Membrane assembly 100 may include a decoupled membrane, which is configured to extend the high frequency output of the membrane and/or driver within which it is implemented. Membrane assembly 100 may therefore also be referred to herein as a decoupled speaker membrane assembly or a decoupled microspeaker diaphragm. In particular, at some frequency, the size and lack of stiffness of the SRS encourages the appearance of partial vibrations, also known as “breakup”, such that the SRS ceases to move pistonically as a rigid body causing destructive interference and loss of sensitivity. Above the frequency where this occurs, high frequency sensitivity and the speaker's bandwidth can be limited. This is particularly true in microspeakers with severe constraints on overall thickness (e.g., z-height), because it is difficult to create sufficient stiffness in the diaphragm to move the breakup mode high enough in frequency to leave the audio band. Thus, in one embodiment, the membrane assembly 100 includes a sound radiating surface (SRS) or diaphragm that is separated into two or more concentric portions separated by a compliant region, such that the inner portion (or portions) resonates at, for example, a frequency near the frequency at which the breakup mode occurs. In other words, a high frequency resonator is formed within the SRS. This can be accomplished by, for example, locally tuning the inner portion and/or compliant region to have a natural resonant frequency at, within, or above, the breakup mode frequency. This creates additional sensitivity in the high frequencies beyond that which can be achieved by homogenous diaphragm designs.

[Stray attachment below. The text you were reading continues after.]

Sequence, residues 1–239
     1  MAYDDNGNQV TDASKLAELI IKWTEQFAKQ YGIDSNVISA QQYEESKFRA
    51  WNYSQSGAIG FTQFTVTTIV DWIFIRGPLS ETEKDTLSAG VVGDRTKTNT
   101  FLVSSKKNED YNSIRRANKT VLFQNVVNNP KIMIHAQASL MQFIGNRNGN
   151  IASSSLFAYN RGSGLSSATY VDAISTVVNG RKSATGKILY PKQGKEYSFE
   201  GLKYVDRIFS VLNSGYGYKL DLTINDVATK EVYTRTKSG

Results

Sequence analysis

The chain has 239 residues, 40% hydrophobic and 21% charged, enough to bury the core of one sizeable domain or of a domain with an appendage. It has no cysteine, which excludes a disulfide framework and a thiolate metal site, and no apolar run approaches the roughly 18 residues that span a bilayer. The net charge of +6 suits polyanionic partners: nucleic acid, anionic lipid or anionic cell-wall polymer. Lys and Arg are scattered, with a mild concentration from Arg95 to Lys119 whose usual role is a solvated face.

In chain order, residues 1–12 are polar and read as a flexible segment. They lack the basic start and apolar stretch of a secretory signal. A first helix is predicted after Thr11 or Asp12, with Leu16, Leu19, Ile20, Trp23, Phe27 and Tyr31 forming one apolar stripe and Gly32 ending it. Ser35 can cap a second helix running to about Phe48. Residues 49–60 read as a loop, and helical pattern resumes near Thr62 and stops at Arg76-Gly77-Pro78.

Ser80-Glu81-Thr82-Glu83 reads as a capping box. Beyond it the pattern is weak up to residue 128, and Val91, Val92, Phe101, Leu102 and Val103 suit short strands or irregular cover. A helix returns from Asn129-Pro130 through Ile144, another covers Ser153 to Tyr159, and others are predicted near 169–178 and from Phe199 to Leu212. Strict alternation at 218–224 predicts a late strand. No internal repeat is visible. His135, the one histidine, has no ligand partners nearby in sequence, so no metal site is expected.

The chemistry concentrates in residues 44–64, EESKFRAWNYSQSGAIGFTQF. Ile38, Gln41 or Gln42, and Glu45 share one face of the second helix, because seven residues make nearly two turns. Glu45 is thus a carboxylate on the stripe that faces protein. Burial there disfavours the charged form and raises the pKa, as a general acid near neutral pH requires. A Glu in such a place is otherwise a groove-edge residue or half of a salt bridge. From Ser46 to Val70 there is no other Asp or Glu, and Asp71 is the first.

Representatively, in one embodiment, membrane assembly 100 includes an SRS 104 having an inner portion 104A and an outer portion 104B. The SRS 104 may also be referred to herein as a diaphragm or sound radiating membrane. The inner portion 104A may form a center portion of SRS 104. The outer portion 104B may be positioned radially outward to the inner portion 104A and form an outer portion of SRS 104. Said another way, the outer portion 104B may be positioned concentrically outward to the inner portion 104A. In some embodiments, the outer portion 104B forms a ring or frame around the inner portion 104A. The inner portion 104A and the outer portion 104B may be spaced a distance from one another such that the two do not directly contact one another. In one embodiment, the inner portion 104A and outer portion 104B are radially spaced a distance from one another. In this aspect, the inner portion 104A is considered decoupled, or otherwise separated from, the outer portion 104B. It should be understood, however, that although inner portion 104A and outer portion 104B are decoupled from one another, both portions are considered sound radiating surfaces that can vibrate in response to an acoustic signal and radiate sound waves for output from a driver within which the SRS 104 is incorporated. Alternatively, where the driver is a microphone, both inner portion 104A and outer portion 104B may serve as sound pick up surfaces that vibrate in response to incoming air pressure sound waves.

Inner portion 104A and outer portion 104B may be made of a same material or different materials depending upon the desired level of stiffness. For example, both inner portion 104A and outer portion 104B may be made of a polyester material such as polyethylene naphthalate (PEN) or layers of different materials (e.g., a core layer sandwiched between two aluminum layers) as will be discussed in more detail in reference to FIG. 4. Inner portion 104A will typically have a smaller surface area, size and/or mass than outer portion 104B.